Breast Cancer Drug Found to be Ineffective in Treating Squamous Non-Small Cell Lung Cancer

Martin J. Edelman, MD, Chair of the Department of Hematology/Oncology.
Martin Edelman, MD, FACP

PHILADELPHIA (June 2, 2017) - Martin J. Edelman, MD, FACP, chair of Hematology/Oncology at Fox Chase Cancer Center, presented the results of a clinical study testing palbociclib, a drug used to treat breast cancer, in patients with squamous non-small cell lung cancer (NSCLC) at the American Society of Clinical Oncology annual meeting in Chicago. Of the 32 patients evaluated, only two responded to the drug, showing it to be ineffective on its own for patients with squamous NSCLC.

“Though the results were negative and we found this drug does not work as a stand- alone agent even in this selected population, this type of research is still valuable,” Edelman said. “We will continue to search for alternatives, but quickly learning what doesn’t work allows us to seek out different treatment options for patients.”

The study was an arm of the Lung Master Protocol (Lung MAP), a nationwide collaboration seeking new therapies for the approximately 50,000 new cases of squamous NSCLC that occur in the U.S. each year.

“When we understand the mechanism that allows a drug to be effective in one type of cancer, intuitively we think it may work in another,” Edelman said. “It is important to remember that not every trial is going to come up positive. Negative trials are just as important because of what we can learn from them.”

The Lung MAP, also known as Southwest Oncology Group Protocol 1400, is an initiative of the National Clinical Trial Network, a National Cancer Institute-funded consortium that conducts clinical trials. Government partners in the Network include the Food and Drug Administration; participating philanthropic organizations include the Foundation for the NIH and Friends of Cancer Research; industry partners include Pfizer Oncology, the manufacturer of palbociclib. Lung MAP was designed to rapidly identify targeted therapies for patients with squamous NSCLC. Each arm of the study tests different drugs in patients whose tumors exhibit specific molecular abnormalities.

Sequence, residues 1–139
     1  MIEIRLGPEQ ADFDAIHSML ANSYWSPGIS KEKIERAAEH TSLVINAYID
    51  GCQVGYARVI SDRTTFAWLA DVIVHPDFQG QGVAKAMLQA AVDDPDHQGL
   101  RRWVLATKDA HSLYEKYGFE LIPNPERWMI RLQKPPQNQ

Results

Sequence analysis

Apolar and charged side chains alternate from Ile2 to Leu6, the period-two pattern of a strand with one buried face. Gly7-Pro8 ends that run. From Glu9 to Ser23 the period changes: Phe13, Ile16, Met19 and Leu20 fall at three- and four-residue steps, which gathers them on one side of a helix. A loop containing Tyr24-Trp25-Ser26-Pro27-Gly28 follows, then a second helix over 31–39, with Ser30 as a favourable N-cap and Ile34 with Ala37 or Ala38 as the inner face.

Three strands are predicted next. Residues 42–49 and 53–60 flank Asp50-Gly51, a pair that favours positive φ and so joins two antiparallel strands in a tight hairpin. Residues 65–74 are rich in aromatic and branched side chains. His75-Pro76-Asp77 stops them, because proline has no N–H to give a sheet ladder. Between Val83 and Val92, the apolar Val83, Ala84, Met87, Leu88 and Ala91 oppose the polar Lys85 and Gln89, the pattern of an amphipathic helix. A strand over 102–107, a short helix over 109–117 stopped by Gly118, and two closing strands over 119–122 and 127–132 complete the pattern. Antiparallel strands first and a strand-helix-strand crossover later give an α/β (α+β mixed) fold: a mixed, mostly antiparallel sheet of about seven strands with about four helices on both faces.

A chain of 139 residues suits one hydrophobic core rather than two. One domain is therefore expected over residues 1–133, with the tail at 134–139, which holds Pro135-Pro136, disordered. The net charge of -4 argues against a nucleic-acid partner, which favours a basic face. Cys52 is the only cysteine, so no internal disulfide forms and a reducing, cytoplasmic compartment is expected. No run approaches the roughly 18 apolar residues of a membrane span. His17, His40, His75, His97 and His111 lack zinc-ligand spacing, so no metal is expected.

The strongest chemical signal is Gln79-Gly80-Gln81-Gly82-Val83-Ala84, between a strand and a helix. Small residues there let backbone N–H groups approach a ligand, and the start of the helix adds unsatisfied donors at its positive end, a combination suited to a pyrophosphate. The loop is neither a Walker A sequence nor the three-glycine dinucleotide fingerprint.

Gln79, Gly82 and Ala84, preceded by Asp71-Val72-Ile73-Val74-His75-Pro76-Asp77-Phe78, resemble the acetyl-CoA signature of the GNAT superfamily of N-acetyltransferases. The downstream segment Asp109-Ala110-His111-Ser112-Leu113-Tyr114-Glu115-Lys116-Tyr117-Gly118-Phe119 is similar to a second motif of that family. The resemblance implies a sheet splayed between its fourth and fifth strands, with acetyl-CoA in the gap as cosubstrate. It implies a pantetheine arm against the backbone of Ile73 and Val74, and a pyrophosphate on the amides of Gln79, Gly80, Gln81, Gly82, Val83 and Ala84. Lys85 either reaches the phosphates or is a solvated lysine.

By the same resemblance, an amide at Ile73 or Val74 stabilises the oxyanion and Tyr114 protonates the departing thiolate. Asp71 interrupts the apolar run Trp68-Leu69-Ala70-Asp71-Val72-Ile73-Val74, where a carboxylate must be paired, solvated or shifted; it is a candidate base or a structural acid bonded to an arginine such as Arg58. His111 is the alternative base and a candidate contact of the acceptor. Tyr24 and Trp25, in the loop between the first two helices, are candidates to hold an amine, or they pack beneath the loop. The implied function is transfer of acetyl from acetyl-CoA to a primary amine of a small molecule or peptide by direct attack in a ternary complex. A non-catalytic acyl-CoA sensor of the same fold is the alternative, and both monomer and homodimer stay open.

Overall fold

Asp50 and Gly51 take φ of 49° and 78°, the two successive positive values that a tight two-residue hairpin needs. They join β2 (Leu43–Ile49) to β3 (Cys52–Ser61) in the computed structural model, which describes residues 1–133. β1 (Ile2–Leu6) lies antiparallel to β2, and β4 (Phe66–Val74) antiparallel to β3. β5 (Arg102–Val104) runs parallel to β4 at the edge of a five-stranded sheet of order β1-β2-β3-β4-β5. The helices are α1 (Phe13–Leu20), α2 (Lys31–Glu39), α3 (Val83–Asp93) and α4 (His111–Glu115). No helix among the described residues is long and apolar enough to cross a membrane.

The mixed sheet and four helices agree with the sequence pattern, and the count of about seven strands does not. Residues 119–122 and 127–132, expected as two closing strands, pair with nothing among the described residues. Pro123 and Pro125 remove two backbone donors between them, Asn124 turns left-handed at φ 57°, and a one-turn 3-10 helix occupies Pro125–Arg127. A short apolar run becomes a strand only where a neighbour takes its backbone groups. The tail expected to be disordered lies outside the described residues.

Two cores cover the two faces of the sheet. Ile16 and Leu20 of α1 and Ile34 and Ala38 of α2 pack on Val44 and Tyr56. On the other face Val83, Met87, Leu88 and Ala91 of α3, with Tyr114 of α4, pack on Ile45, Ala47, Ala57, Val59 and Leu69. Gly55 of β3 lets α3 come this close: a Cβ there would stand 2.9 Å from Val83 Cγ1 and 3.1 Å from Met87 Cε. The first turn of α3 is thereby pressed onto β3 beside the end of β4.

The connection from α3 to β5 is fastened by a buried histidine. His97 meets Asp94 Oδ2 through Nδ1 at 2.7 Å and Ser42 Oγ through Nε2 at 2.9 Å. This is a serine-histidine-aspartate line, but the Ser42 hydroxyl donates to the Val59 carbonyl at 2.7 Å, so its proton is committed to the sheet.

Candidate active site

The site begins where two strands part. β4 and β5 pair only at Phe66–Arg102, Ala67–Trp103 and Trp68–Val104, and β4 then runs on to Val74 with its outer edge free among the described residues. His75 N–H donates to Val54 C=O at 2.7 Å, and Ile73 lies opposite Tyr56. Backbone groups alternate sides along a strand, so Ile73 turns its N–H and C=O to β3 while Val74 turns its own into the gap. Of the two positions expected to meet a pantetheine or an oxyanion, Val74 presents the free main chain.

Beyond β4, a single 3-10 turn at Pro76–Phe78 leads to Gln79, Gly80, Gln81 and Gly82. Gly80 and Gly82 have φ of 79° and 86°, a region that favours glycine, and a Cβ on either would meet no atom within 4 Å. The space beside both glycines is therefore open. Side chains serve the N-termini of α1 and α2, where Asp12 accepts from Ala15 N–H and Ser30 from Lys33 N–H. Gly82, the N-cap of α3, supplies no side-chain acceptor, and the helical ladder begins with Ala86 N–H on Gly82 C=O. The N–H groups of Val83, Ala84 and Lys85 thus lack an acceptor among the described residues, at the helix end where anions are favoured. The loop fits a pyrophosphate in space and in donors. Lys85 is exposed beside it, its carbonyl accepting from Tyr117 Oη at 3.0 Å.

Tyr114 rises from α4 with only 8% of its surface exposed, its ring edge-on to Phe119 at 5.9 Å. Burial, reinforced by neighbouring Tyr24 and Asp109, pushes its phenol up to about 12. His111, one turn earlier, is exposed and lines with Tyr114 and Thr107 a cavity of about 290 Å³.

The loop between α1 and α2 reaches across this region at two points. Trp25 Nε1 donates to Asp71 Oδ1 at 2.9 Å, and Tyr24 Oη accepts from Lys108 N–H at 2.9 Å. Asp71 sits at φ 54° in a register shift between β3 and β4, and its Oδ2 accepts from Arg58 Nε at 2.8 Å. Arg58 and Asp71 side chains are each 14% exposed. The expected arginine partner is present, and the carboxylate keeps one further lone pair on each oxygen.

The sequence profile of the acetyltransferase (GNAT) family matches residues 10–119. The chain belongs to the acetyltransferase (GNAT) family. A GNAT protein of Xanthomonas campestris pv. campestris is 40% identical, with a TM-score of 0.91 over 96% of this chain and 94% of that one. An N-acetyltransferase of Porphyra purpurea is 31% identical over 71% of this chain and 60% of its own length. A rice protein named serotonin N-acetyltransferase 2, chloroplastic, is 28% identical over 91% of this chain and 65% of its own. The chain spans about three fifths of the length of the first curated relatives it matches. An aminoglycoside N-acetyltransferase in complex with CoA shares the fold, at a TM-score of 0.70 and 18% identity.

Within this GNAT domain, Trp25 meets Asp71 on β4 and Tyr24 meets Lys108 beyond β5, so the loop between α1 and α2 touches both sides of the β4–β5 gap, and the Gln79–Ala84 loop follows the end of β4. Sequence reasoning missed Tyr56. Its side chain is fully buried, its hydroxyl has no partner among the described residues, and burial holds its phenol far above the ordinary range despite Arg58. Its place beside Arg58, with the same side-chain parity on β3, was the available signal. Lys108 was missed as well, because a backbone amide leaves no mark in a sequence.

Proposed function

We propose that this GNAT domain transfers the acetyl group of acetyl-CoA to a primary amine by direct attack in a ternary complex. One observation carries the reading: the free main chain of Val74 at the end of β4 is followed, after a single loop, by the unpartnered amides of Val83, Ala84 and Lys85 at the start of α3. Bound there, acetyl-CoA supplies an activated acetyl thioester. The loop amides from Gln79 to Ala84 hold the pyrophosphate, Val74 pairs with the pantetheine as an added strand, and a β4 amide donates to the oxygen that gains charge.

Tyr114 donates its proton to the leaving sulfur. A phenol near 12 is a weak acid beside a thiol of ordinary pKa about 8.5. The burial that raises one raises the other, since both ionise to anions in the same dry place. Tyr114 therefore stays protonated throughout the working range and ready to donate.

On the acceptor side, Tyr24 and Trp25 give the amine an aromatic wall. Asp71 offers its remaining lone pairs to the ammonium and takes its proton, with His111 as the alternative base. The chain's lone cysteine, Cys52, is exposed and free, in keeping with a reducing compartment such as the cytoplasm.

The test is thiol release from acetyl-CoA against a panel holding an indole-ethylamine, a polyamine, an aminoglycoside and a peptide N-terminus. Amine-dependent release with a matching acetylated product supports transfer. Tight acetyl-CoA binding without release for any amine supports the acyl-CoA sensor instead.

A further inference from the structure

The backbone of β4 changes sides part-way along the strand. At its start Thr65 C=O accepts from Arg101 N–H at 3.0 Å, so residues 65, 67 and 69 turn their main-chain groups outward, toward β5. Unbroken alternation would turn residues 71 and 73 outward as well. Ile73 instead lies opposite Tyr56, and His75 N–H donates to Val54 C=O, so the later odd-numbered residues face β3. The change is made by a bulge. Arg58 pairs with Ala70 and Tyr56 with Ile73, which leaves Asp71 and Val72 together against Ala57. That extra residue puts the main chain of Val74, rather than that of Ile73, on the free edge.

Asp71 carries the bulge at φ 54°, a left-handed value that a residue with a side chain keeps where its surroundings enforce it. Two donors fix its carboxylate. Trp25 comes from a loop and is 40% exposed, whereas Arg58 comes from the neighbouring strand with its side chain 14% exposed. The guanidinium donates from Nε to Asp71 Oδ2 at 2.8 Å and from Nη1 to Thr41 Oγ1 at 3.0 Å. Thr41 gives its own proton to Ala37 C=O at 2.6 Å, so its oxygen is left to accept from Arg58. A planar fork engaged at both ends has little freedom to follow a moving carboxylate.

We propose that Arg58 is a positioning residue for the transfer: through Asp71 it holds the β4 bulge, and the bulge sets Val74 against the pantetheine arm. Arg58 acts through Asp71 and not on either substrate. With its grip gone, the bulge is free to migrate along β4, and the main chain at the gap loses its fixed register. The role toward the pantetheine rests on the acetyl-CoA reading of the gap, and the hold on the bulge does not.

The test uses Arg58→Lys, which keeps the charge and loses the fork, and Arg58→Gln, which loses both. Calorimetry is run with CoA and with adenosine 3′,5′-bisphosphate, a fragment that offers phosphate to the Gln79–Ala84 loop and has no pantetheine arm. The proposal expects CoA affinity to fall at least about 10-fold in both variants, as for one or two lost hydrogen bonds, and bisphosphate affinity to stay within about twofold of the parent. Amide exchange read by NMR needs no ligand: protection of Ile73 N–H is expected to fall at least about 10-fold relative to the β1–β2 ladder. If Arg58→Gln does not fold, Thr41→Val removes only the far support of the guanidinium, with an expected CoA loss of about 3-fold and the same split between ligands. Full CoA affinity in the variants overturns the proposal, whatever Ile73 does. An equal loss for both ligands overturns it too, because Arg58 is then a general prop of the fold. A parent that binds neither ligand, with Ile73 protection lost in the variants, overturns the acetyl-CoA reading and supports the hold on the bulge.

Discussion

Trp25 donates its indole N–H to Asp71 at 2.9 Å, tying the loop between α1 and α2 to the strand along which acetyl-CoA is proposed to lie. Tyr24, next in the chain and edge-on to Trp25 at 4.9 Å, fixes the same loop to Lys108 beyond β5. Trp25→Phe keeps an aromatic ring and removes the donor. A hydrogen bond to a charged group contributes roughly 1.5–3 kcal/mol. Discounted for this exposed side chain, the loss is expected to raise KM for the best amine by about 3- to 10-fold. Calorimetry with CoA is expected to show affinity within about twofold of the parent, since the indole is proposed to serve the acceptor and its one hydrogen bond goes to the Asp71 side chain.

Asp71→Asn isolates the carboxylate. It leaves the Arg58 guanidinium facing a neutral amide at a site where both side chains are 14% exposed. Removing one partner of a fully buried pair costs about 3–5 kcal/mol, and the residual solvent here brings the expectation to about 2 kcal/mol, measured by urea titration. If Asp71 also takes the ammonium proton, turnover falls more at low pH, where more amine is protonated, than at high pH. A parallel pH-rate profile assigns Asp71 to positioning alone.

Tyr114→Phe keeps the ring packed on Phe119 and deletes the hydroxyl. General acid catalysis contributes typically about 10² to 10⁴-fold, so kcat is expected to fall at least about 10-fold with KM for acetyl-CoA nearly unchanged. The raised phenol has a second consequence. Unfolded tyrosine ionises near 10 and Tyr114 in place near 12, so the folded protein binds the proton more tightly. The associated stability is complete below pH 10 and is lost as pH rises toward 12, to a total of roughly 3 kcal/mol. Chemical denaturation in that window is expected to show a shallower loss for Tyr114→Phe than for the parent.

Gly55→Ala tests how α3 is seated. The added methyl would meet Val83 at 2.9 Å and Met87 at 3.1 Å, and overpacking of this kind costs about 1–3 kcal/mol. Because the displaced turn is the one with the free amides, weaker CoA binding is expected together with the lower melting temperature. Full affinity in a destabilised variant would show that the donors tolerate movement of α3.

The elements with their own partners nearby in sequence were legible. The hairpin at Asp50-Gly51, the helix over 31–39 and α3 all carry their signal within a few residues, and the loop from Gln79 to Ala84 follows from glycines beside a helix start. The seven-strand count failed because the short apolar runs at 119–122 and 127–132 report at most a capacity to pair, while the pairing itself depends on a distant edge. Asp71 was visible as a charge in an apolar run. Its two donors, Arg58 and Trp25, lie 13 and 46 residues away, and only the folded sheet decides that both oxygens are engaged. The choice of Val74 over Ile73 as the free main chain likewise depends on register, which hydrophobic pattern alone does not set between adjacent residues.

Fox Chase Cancer Center (Fox Chase), which includes the Institute for Cancer Research and the American Oncologic Hospital and is a part of Temple Health, is one of the leading comprehensive cancer centers in the United States. Founded in 1904 in Philadelphia as one of the nation’s first cancer hospitals, Fox Chase was also among the first institutions to be designated a National Cancer Institute Comprehensive Cancer Center in 1974. Fox Chase is also one of just 10 members of the Alliance of Dedicated Cancer Centers. Fox Chase researchers have won the highest awards in their fields, including two Nobel Prizes. Fox Chase physicians are also routinely recognized in national rankings, and the Center’s nursing program has received the Magnet recognition for excellence six consecutive times. Today, Fox Chase conducts a broad array of nationally competitive basic, translational, and clinical research, with special programs in cancer prevention, detection, survivorship, and community outreach. It is the policy of Fox Chase Cancer Center that there shall be no exclusion from, or participation in, and no one denied the benefits of, the delivery of quality medical care on the basis of race, ethnicity, religion, sexual orientation, gender, gender identity/expression, disability, age, ancestry, color, national origin, physical ability, level of education, or source of payment.

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